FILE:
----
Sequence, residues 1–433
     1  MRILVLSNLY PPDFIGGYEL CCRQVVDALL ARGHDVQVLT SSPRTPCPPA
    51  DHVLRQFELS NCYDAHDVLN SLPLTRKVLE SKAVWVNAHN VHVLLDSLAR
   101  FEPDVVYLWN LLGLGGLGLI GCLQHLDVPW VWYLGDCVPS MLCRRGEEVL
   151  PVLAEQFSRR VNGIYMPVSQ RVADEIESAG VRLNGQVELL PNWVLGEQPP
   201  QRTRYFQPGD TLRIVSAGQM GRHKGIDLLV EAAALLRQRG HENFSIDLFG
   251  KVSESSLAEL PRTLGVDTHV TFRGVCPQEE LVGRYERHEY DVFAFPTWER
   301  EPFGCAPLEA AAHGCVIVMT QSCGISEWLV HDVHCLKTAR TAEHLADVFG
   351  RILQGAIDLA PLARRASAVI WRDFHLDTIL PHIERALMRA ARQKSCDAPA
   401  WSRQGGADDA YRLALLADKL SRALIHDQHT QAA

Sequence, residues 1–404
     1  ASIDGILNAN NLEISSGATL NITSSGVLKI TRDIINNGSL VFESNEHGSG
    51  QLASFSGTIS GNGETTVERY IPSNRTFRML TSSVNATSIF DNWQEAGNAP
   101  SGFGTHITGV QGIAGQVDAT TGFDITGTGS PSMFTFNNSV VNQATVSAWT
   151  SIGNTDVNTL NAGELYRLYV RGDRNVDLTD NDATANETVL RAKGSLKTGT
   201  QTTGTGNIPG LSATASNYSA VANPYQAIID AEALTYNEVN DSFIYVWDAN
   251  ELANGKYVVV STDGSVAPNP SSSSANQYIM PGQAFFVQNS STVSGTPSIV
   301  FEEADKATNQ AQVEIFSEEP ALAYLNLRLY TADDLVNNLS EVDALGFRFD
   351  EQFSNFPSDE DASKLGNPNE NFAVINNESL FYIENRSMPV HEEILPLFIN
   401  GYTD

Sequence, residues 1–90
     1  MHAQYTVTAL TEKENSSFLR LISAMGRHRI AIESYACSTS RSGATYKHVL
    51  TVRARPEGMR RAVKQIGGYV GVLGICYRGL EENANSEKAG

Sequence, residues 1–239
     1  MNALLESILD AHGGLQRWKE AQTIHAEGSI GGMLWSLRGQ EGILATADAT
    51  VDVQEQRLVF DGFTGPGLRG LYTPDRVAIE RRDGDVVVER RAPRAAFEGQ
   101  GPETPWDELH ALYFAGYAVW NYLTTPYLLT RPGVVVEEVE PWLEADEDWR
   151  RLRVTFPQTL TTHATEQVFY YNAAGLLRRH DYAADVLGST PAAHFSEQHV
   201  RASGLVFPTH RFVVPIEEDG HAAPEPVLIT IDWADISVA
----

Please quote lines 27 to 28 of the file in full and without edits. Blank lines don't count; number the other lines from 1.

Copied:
   101  GPETPWDELH ALYFAGYAVW NYLTTPYLLT RPGVVVEEVE PWLEADEDWR
   151  RLRVTFPQTL TTHATEQVFY YNAAGLLRRH DYAADVLGST PAAHFSEQHV